# Getting a Circular Crown's area and perimeter

Okay, this is really bugging me:

My Math book has this practice where I need to get the area and perimeter of the next Circular Crown:

$R = 3$cm , $r = 1.75$cm.

Well, I do it. But my results are simply different than the ones the book tells me (on the back of the book, there is an answers sheet). Why? The process to get the area and perimeter are relatively simple. The instructions are on the book. I follow them, and I fail!

Now, my Math teacher told me it was because [put reason here], but it was ages ago, and I can't remember. I remember the book is right, but I forgot why and how.

The book says that the area is $5.94\pi^2$ and the perimeter is $9.5\pi$. However, I get the area is $\frac{95}{16}\pi$ and the perimeter is $\frac{19}{2}\pi$.

What am I doing wrong?

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? $9.5 = 19/2$ and $95/16 \approx 5.94$ – user17762 Feb 28 '11 at 23:47
It is not 5.94, it is 5.94π^2. Why is that? – Zol Tun Kul Feb 28 '11 at 23:51
Given outer radius $R = 3$ and inner radius $r = 1.75$, the area is the difference between circular areas (area of bigger circle, minus the area of the hole): $\pi R^2 - \pi r^2 = \pi ( R^2 - r^2 ) = \frac{95}{16} \pi = 5.9375 \pi \approx 5.94 \pi$. The perimeter is the sum of the circumferences: $2\pi R + 2 \pi r = 2 \pi ( R + r ) = \frac{19}{2} \pi = 9.5 \pi$. It looks like the "$\pi^2$" above is a typo (either in the book or your posting); apart from that, it looks like the book is simply opting for rounded decimals instead of exact fractions. (Personally, I prefer your answers.) – Blue Feb 28 '11 at 23:54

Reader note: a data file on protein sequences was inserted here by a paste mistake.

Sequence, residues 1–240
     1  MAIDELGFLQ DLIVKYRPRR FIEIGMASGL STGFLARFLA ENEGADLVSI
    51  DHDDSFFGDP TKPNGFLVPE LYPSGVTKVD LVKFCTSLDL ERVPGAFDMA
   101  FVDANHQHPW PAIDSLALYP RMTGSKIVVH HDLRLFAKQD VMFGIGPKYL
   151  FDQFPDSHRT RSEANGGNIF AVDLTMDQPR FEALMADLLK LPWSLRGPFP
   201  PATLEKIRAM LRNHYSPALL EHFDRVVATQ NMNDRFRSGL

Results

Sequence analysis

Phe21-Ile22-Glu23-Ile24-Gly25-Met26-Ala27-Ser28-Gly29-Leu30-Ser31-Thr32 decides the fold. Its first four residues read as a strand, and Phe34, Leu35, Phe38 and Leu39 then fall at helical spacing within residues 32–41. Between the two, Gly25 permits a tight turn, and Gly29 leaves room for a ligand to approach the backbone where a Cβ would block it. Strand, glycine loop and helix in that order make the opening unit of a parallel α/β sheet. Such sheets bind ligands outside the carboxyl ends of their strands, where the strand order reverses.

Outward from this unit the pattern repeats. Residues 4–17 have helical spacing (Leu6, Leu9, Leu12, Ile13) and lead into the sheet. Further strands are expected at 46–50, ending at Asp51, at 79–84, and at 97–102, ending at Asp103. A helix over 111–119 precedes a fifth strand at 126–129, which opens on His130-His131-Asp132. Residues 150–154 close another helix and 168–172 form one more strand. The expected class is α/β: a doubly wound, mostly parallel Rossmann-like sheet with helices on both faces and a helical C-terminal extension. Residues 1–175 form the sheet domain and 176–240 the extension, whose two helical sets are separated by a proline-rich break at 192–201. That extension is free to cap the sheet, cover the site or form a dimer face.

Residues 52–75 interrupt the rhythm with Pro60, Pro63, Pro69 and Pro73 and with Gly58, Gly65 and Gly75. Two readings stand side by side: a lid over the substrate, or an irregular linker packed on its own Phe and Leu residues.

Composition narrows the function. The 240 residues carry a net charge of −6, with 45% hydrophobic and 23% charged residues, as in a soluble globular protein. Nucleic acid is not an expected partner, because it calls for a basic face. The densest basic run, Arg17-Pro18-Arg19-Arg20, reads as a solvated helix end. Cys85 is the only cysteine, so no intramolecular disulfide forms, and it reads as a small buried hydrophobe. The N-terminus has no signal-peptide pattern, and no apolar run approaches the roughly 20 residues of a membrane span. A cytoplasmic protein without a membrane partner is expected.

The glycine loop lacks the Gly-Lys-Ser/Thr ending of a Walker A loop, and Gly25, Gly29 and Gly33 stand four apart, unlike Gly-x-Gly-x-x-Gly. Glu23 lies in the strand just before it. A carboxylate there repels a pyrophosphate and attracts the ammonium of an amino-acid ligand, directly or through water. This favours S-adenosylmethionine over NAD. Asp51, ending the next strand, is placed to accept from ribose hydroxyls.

I see..... thank you. It still confuses me a bit, so I will ask my teacher tomorrow =D.... umm.... what do I do now? Close this? Because technically my question was answered through comments haha. – Zol Tun Kul Mar 1 '11 at 1:29
A thought about the "typo": Neither you nor I bothered to put units on our answers. As NASA's Mars lander engineers can attest, units are important! Here, they may be the crux of your problem. Perimeter has units of length; in this case, centimeters: $\frac{19}{2}\pi \;\; {\bf cm}$. Area has units of ... well ... area; in this case, square-centimeters: $\frac{95}{16} \pi\;\;{\bf cm}^2$. So, perhaps you've confused the exponent on "cm" for an exponent on $\pi$. (If you need help understanding the difference between length units and area units --centimeters vs square-centimeters-- just ask.) – Blue Mar 1 '11 at 9:27

As stated in the comments, your results are correct and to be preferred over the rounded results in the book. The area is $\frac{95}{16}\pi\text{ cm}^2$, not $\frac{95}{16}\pi^2\text{ cm}^2$.